5 Minuite Guide For Coping With Cancer Costs

Research by Macmillan Cancer Support shows that most patients have to fork out an average of £570 a month as a result of their condition.

“This is comparable to the monthly cost of a mortgage,” says Craig Syme, an adviser at Macmillan’s Financial Guidance Service.

“Having cancer can mean your finances take a big hit. Living costs are already very high and yet those affected are having to contend with a range of extra charges, such as travel costs to and from hospital, car parking costs, higher heating bills and even the cost of buying new clothes if their weight changes.”

While many patients are affected by increased expenditure, some also suffer due to loss of income because they have to go part-time, or give up work to undergo treatment.

According to Macmillan, one in three lose as much as £860 a month in earnings because they are unable to work, or have to cut down their hours.

With the number of people with cancer set to double to 4 million by 2030, these issues are becoming ever more prominent.

High-profile events, such as Channel 4’s recent comedy night fundraiser, Stand Up To Cancer co-hosted by Davina McCall, right, are helping to raise awareness of this illness across the UK. Here we take a look at how to cope with the cost.


For many patients, having cancer means lengthy treatment and multiple hospital visits.

Macmillan found that the cost of travel to and from appointments averages about £170 a month while parking costs add about £37 a month.

Cancer patients on a low income or who are on some benefits might be entitled to have their travel costs reimbursed, so ask your hospital about this. Also check the hospital’s policy on parking, as it might be free for cancer patients.

In addition, find out if there are local voluntary organisations running schemes where drivers give people lifts to hospital and other destinations.


Many cancer patients face increased energy bills as treatments such as chemotherapy may leave them feeling the cold more.

Macmillan found that one in three spend an extra £24 a month or more.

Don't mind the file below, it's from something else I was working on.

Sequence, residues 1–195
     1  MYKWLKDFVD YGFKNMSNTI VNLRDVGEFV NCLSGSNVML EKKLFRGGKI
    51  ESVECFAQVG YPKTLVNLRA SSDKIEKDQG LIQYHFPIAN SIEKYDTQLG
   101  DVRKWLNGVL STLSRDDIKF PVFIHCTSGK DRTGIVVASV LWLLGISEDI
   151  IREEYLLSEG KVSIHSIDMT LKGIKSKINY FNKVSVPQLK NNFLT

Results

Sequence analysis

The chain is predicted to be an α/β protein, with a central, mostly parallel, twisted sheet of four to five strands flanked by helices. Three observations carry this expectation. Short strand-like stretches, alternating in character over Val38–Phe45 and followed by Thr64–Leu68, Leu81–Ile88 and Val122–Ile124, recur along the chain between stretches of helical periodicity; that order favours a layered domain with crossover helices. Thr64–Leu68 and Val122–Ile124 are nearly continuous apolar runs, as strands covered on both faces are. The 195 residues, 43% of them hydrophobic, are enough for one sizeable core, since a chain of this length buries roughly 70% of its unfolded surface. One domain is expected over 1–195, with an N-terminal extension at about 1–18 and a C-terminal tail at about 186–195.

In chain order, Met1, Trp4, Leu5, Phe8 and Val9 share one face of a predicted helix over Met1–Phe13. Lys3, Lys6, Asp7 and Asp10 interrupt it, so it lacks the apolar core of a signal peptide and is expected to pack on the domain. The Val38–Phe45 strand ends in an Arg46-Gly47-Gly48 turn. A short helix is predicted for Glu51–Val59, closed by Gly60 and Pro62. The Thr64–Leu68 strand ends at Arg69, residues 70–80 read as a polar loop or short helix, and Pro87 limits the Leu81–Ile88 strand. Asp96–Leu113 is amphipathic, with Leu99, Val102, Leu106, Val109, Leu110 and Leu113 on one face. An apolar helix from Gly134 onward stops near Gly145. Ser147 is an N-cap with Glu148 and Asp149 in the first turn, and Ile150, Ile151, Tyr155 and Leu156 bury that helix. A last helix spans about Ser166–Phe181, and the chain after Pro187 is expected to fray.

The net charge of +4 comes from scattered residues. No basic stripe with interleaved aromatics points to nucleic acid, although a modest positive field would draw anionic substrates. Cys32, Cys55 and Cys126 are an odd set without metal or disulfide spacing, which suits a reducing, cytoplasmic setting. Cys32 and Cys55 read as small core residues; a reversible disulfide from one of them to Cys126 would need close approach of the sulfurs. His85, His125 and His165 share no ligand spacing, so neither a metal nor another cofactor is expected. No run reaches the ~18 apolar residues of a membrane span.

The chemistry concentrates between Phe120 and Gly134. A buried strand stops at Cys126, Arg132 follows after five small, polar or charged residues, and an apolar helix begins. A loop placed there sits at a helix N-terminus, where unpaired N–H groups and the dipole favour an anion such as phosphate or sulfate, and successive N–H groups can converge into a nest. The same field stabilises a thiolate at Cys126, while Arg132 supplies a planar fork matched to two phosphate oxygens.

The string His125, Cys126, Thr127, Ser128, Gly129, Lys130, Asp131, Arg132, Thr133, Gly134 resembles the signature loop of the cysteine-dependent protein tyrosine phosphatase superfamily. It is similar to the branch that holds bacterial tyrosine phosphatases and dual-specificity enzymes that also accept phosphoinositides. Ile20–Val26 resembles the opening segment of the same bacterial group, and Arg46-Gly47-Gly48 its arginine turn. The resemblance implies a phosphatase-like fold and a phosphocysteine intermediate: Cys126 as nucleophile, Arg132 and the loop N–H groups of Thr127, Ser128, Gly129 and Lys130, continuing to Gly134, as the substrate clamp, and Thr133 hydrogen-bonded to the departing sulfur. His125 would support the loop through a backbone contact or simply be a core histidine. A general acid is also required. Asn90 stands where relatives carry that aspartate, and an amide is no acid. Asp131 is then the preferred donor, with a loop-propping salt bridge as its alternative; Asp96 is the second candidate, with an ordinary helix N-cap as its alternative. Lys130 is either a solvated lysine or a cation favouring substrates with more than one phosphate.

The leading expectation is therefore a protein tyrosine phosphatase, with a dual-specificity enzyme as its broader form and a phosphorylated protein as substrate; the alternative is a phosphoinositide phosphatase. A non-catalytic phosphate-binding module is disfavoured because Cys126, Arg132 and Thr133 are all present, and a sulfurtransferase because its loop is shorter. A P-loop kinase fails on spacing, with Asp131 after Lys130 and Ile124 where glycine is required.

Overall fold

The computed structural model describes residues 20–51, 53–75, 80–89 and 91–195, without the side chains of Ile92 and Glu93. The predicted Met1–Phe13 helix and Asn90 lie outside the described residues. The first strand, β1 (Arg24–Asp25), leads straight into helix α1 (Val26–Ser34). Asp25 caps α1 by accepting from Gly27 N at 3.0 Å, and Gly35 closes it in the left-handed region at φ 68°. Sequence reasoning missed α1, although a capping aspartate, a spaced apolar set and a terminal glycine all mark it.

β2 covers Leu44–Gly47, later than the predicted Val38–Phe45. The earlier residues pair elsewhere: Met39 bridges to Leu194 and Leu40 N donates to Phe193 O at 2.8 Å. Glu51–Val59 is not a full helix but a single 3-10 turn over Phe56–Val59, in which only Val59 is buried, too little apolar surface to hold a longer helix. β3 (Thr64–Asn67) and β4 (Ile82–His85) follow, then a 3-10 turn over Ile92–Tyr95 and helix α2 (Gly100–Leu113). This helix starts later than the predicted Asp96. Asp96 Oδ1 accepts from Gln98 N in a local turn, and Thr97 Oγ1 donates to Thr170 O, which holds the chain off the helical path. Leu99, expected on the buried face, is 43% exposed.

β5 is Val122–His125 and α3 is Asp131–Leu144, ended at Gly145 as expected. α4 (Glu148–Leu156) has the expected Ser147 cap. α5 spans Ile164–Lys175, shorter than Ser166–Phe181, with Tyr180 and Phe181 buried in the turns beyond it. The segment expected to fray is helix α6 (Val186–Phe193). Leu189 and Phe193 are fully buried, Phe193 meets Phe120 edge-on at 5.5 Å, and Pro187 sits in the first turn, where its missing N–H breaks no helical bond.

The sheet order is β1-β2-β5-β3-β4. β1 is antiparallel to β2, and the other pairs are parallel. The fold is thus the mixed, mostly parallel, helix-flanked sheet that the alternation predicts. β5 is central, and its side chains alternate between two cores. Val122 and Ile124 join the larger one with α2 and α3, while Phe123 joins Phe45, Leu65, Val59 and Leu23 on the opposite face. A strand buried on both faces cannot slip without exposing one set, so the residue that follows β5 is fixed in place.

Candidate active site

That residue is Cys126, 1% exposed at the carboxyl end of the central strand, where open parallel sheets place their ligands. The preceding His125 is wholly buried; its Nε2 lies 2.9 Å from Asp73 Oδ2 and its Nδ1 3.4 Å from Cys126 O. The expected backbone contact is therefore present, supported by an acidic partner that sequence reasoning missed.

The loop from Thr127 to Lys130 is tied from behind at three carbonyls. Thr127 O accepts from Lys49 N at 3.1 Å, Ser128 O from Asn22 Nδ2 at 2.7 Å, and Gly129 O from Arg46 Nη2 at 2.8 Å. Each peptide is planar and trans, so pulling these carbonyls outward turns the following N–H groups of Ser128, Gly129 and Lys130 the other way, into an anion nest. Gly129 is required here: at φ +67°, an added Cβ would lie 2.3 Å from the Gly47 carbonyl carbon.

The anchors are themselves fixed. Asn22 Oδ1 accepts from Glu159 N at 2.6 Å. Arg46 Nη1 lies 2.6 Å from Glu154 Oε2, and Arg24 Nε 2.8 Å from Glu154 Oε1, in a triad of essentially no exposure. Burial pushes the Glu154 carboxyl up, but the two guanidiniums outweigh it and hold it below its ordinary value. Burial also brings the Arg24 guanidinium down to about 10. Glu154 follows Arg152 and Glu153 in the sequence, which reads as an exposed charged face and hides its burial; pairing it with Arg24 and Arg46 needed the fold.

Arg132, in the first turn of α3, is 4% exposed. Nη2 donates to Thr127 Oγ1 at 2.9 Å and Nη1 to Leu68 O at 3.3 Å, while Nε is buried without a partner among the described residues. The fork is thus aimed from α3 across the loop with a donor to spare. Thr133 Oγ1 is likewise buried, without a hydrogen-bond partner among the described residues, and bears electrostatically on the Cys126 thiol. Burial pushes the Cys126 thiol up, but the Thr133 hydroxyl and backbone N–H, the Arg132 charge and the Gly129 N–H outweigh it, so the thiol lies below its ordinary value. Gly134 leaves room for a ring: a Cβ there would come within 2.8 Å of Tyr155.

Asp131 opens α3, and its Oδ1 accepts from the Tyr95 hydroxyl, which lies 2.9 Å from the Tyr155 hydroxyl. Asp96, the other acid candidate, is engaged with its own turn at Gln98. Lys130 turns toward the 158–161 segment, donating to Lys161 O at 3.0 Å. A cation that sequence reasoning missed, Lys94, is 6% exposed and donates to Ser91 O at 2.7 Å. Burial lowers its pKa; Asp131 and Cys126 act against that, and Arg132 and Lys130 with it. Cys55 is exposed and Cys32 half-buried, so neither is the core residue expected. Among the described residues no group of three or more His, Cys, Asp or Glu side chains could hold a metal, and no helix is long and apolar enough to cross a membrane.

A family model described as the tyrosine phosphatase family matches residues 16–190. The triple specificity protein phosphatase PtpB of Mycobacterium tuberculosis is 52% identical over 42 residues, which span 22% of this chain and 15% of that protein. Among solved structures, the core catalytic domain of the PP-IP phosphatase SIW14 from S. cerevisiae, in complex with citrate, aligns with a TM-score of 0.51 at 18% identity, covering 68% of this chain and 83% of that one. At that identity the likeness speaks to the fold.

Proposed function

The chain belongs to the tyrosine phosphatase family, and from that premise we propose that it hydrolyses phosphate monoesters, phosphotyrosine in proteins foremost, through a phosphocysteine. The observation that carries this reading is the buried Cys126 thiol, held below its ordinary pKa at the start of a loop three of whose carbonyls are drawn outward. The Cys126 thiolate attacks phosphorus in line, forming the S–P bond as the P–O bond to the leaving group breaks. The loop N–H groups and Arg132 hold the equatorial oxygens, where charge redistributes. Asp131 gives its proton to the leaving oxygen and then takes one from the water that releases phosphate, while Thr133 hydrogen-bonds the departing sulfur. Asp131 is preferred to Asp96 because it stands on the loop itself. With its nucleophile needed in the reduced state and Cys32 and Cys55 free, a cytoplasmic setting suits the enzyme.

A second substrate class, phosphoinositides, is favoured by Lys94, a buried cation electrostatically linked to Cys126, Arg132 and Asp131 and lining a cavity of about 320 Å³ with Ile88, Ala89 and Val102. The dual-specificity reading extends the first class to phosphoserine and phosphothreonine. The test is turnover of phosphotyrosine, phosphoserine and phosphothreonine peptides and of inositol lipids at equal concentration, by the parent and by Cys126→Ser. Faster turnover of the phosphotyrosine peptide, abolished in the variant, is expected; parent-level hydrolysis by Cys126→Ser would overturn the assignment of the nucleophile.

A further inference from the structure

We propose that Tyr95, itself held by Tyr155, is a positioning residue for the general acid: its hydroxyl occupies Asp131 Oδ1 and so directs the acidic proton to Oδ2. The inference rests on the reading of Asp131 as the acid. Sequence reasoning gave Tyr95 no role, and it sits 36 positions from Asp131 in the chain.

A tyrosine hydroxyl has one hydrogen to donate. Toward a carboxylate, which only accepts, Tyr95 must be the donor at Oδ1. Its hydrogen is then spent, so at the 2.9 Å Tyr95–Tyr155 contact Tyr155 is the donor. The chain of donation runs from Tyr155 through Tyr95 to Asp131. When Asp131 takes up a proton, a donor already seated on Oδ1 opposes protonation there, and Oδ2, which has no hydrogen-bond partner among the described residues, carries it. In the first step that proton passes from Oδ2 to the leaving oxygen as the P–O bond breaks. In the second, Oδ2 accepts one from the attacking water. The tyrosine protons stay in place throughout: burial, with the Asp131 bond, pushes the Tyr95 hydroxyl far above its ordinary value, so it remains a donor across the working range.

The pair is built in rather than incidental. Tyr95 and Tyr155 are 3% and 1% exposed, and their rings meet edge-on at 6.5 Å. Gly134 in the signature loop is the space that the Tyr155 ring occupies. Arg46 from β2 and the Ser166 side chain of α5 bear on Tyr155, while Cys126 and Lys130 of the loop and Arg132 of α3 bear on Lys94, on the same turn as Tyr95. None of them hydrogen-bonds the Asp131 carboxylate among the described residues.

If you are worried about energy bills, the key is not to suffer in silence.

First off, check with your energy provider, as all suppliers have to offer their most vulnerable customers cheaper “social tariffs”.

Another simple way to keep gas and electricity bills down is by being more energy efficient.


If you have cancer and are struggling financially, there may be additional support available to you from some of the grant-giving charities.

Macmillan, for example, offers one-off grants that can be used by those who are in financial difficulty to cover a wide range of practical needs, including transport, heating and extra clothing. These grants are usually about £250, and can even be used for a much-needed break.


If you have been affected by cancer and are too ill to work, you may be entitled to claim Statutory Sick Pay (SSP) or Employment and Support Allowance (ESA).

Carers Allowance (CA) is available to those unable to work due to caring for someone affected by cancer.

The welfare system is undergoing considerable change as a result of the Welfare Reform Act, which has brought big changes to benefits, such as housing benefit and council tax.

Gail Bardsley, a benefits adviser at Macmillan, said: “All of this means it can be very confusing trying to find out what you can claim.

“For example, Personal Independence Payment, which is replacing the Disability Living Allowance, can be very hard to claim.

“We can help you find out what sort of benefits you are entitled to. We can also help you fill in the forms.”

Macmillan offers benefits and financial guidance to people who are affected by cancer and also has an energy team that can advise on the support available with your fuel and water costs.